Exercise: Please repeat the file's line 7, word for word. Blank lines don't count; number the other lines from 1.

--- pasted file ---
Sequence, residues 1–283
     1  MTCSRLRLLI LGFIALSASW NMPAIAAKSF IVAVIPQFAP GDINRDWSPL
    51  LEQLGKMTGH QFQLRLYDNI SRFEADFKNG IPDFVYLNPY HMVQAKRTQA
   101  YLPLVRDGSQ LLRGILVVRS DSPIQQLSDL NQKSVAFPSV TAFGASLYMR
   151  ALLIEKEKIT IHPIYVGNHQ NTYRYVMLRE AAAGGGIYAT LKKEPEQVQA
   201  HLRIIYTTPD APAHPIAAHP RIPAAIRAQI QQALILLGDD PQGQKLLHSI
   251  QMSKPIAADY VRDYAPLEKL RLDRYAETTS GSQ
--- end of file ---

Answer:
   251  QMSKPIAADY VRDYAPLEKL RLDRYAETTS GSQ